Turkish Current Account Deficit Falls to 26-Month Low

Posted on 12 March 2013

The Turkish current account deficit fell again in January, according to the latest data from the Central Bank. According to the report the deficit fell 2% compared to January 2012 to the lowest level in 26 months. Turkey has become one of the most vibrant emerging markets in the world during the last 2-3 years, with the current account deficit one of its few remaining hurdles to overcome.

As of January 2013 the Turkish current account deficit was $5.63 billion, down from $5.73 billion last year leaving it slightly above market expectations. With the Turkish economy’s slowdown and rise in the exports, foreign trade has been going through a balancing period. 

“The main reason behind the good current account deficit performance in January is an increase in our goods and service exports. As the balance of payments display, we see two-digit growth with both of them,” Turkey’s Economy Minister Zafer Çağlayan said, adding that this proved Turkish business people should produce value-added goods and services and sell these abroad to achieve $500 billion worth export.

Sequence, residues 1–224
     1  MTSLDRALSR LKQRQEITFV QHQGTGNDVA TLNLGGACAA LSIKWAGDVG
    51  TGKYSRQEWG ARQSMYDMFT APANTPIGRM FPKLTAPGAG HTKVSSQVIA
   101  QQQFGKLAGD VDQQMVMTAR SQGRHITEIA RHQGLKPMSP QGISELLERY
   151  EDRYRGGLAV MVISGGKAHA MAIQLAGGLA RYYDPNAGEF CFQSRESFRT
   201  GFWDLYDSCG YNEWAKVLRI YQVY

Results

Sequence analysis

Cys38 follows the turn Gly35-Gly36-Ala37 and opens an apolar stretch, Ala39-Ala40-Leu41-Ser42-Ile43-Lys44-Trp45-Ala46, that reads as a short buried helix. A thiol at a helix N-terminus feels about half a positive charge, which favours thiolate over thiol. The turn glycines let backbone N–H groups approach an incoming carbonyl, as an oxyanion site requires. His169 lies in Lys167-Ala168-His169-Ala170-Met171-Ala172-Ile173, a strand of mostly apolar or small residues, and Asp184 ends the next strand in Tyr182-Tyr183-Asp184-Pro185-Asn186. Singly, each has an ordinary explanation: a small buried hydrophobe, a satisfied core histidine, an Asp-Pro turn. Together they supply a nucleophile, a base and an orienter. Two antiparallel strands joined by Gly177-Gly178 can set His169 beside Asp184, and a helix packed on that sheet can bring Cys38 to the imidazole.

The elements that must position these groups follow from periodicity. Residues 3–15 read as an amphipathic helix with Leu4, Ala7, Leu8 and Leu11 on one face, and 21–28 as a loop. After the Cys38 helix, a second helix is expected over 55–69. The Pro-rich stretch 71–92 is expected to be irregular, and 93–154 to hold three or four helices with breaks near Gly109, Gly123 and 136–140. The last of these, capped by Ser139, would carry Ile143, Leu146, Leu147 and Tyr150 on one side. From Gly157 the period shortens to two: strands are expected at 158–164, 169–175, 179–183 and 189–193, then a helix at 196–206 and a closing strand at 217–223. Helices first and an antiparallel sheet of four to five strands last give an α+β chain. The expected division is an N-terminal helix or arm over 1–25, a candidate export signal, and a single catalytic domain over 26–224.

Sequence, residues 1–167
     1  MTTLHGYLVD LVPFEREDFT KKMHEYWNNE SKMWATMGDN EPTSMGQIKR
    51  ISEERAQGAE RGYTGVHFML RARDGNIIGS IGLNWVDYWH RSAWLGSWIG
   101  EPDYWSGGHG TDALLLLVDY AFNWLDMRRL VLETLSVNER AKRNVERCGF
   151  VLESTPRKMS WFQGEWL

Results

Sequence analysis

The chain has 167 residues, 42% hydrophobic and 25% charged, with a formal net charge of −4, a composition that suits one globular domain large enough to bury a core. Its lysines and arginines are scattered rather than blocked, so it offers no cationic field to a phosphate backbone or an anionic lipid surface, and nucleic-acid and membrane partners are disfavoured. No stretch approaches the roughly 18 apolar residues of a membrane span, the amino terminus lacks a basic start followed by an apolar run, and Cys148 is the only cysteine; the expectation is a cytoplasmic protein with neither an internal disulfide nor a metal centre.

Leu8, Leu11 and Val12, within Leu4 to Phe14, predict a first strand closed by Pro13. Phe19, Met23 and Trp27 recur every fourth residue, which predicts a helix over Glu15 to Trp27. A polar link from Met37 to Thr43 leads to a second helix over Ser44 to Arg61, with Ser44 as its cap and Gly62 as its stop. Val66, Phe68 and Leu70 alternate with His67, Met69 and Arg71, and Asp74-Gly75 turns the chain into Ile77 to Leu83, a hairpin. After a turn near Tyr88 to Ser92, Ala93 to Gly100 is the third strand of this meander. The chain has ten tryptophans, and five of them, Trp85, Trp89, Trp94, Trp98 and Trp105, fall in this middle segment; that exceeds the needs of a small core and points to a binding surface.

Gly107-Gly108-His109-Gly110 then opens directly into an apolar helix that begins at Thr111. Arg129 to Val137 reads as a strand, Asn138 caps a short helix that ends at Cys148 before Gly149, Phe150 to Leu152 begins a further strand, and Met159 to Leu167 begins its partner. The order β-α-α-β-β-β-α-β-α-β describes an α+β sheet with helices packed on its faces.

According to Caglayan 2012 was a good year in terms of cooling the account deficit, but 2013 and 14 are to be even better because of new incentives due to be launched.

The Central Bank also revised the annual current account deficit amount for last year, taking into Turkey’s Statistical Institute’s (TÜİK) recent methodology change in calculating tourism revenue data. 

TÜİK has updated the methodology it uses to produce tourism statistics in accordance with European Statistics Office (Eurostat) and said the tourism revenues, previously calculated at $23.4 billion, was actually $29.3 billion, with an increase of $5.9 billion.

Due to this change the Central Bank raised the current account deficit for 2012 to $48.8 billion, from $47 billlion.

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